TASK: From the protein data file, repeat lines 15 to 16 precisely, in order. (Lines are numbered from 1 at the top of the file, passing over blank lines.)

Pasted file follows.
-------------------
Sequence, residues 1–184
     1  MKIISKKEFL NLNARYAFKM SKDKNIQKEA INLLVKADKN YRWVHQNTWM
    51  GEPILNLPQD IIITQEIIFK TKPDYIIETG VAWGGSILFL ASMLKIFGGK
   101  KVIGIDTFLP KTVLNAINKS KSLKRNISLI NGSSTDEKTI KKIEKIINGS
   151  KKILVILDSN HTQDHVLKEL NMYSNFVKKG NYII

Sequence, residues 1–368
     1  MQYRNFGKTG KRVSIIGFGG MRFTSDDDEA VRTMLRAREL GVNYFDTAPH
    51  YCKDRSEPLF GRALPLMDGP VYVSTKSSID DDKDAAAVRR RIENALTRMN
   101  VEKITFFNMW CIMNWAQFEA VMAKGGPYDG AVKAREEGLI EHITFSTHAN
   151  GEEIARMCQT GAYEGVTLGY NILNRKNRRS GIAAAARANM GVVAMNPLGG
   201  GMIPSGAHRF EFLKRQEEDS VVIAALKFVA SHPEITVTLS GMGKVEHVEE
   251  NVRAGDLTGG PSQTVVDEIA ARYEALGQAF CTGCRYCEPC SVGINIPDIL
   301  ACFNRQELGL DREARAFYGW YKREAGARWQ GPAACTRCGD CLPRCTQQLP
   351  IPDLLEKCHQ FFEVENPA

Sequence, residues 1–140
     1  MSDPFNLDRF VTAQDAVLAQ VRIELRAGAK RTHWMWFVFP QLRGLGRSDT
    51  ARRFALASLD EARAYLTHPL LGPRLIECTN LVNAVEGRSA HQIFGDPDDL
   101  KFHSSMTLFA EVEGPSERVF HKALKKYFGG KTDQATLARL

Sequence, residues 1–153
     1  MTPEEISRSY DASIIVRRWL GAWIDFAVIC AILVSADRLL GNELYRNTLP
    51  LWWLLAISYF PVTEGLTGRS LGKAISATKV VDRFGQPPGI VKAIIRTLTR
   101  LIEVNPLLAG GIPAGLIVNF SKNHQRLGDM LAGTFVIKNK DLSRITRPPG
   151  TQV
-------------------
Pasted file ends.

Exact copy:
Sequence, residues 1–140
     1  MSDPFNLDRF VTAQDAVLAQ VRIELRAGAK RTHWMWFVFP QLRGLGRSDT